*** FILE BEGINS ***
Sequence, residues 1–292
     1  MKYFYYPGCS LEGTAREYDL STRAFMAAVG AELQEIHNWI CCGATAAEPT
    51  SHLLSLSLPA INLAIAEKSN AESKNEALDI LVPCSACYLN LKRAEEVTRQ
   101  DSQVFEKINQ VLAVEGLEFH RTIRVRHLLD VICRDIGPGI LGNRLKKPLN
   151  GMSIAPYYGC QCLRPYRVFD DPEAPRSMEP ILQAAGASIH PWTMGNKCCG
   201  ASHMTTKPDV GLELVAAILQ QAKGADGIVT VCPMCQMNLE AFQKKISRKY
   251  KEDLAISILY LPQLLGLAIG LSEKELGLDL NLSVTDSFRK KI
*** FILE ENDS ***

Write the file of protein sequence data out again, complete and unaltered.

Sequence, residues 1–292
     1  MKYFYYPGCS LEGTAREYDL STRAFMAAVG AELQEIHNWI CCGATAAEPT
    51  SHLLSLSLPA INLAIAEKSN AESKNEALDI LVPCSACYLN LKRAEEVTRQ
   101  DSQVFEKINQ VLAVEGLEFH RTIRVRHLLD VICRDIGPGI LGNRLKKPLN
   151  GMSIAPYYGC QCLRPYRVFD DPEAPRSMEP ILQAAGASIH PWTMGNKCCG
   201  ASHMTTKPDV GLELVAAILQ QAKGADGIVT VCPMCQMNLE AFQKKISRKY
   251  KEDLAISILY LPQLLGLAIG LSEKELGLDL NLSVTDSFRK KI